It’s a single light that shines in into the darkness of all tomorrow’s unknowns.  And I have never realized how fixated their light is on mom and dad.  If mom and dad are good, they know they can relax and feel safe in the world.  It’s not about the hours I’m working or the trips I’ve needed to make.  It’s about the peace and joy I have when I’m with them.  If their little search light finds that on me, they are good.

You may have a crazy schedule right now or a mellow one. Ask yourself today, “When was the last time I did something for me?”  If it’s been longer than a week, roll up your sleeves.  This isn’t just about you, but the whole family.  What can you commit to doing today that will bring you joy, peace or rest?  Maybe it’s a day to yourself, time set aside to work on your photography, a walk with just you and the dog (minus the neighborhood kids riding their bikes behind you), go see a movie alone (a favorite of mine)…whatever it is…make it happen.

I have a feeling that it will not only fill you up, but the whole family, especially when those little headlamps illuminate you.


Me Ra



  1. Linda says:

    Love it!! Happy Monday Me Ra 🙂

  2. Natalie Johnson says:

    What an insight into the different perspectives each person, including children, have when it comes to stress. Thanks for reminding us our kids are affected by not only what we say but the energy we put out. I don’t think you missed too much the first 6 weeks of summer here since the sun is just coming out. Hopefully we will get a great September to make up for June. Enjoy your trip:)

  3. Lee says:

    I’m so glad I stumbled across your website. I came for the photography tips, and stayed for the incredible heart-to-heart posts. This one really spoke to me. I have the problem of never leaving, because I am never following my passions. And I am not happy for it. I recently made the decision to change that, and I will remember how important it is for my kids to see my joy and excitement for life. If I don’t want my kids living the way I do, why do I let myself live this way?

    Thanks for sharing yourself with all of us!

  4. Karen G says:

    What a wonderful post. I sure needed to hear the wisdom of your daughter too. Why is this wisdom so easy to push aside? Thanks for sharing this.
    Peace to you.

  5. Dawn Beirnes says:

    this post was so awesome! I really needed to read something like this today. Thanks you so much. Kids can say the most intelligent, smart, and TRUE things! Sometimes us adults just need a “smack down” from our kids every now and then.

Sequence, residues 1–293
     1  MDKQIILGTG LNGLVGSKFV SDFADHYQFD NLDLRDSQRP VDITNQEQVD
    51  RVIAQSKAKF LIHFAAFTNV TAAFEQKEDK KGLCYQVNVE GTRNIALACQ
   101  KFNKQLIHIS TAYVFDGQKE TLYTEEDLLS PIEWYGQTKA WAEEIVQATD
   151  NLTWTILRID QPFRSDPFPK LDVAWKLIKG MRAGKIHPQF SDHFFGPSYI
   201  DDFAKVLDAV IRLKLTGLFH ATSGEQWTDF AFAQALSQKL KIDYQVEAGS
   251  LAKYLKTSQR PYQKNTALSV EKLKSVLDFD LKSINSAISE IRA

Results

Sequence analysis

6. Me Ra says:

    So glad this post is resonating with so many of you! I thought it was so crazy that in the midst of me wanting my kids to see “the stress” so they would feel more loved, I totally MISSED that they were seeing my dislike for my work. But I love the work I get to do! It’s as if I was sabotaging the whole thing thinking I was doing the right thing. Oh, so thankful for the blunt honesty of kids. That “smack down”…where would we be without those! 🙂

  7. Beth says:

    This post could not have come at a more perfect time for me. Thank you once again, Me Ra.

  8. “a walk with just you and the dog (minus the neighborhood kids riding their bikes behind you)” This made me Chuckle…have you been spying on me? I think I’m going to try the movie (all by myself) real soon. Those little illuminators have been shining bright and I want to bask in their beauty instead of sometimes feeling like I want to hide from their glare. Happy Monday MeRa… Love you dearly! xxoxoxox

  9. Linda S. says:

    Another really great post. (:

  10. Me Ra says:

    Ha! I love it Kimberlyn!

    Yes, do try the movie by yourself! It’s amazing to sit in the dark, turn off the Blackberry, and even go in the middle of the day when no one else is there, and just rest your brain. In fact, the more stressed you are, the better it is to go! 🙂 And c’mon, Eat, Pray, Love is out! What more reason do we need ladies! Do you know that book inspired us to go abroad. We had tried to go to Bali b/c of that book, but our seasons were off so we went to Thailand instead. Crazy how books bring change to your life. 😉

  11. Daisy Reyes says:

    MeRah, THANK YOU, THANK YOU, THANK YOU for writing this. This is just the speech I needed today as I head back full-time to teaching third grade and have to leave my little ones daily. Today, my four-year-old had an emotional breakdown as we arrived at the sitters. There was no warning. And I think it just may be because of the guilt I feel leaving them. I have no choice. I have to work. And I need to figure out HOW I can be happy in my job–leaving my little ones when that’s the last thing I want to do. My being happy as a teacher will help them in the transitions that come with that.


  12. liza says:

    Pascaline’s words brought, yet, once again tears to my eyes. You are doing a superb job as a mother Merah. I admire that so much of you. You’re an exemplary role model. In fact, I’m counting down the days with some anticipation until my nest will be semi-empty this fall. All three of the wonder kids will be in school. I haven’t had uninterrupted me time in nearly 10 years. The possibilities are endless.

  13. shawna says:

    this is so true. my daughter who just turned two stops me several times a day when my voice gets stressed or i just look grumpy and she says, “are you okay, mama?”. she absorbs every emotion i feel, and when i leave for a photoshoot, even if i’m sad to leave my girls, SHE is happy to watch me go when i am happy to go.

    me ra. someone shared this poem with me last week and it made me think of your last paragraph and your comment. it’s a beautiful poem about loving being alone:

  14. leila says: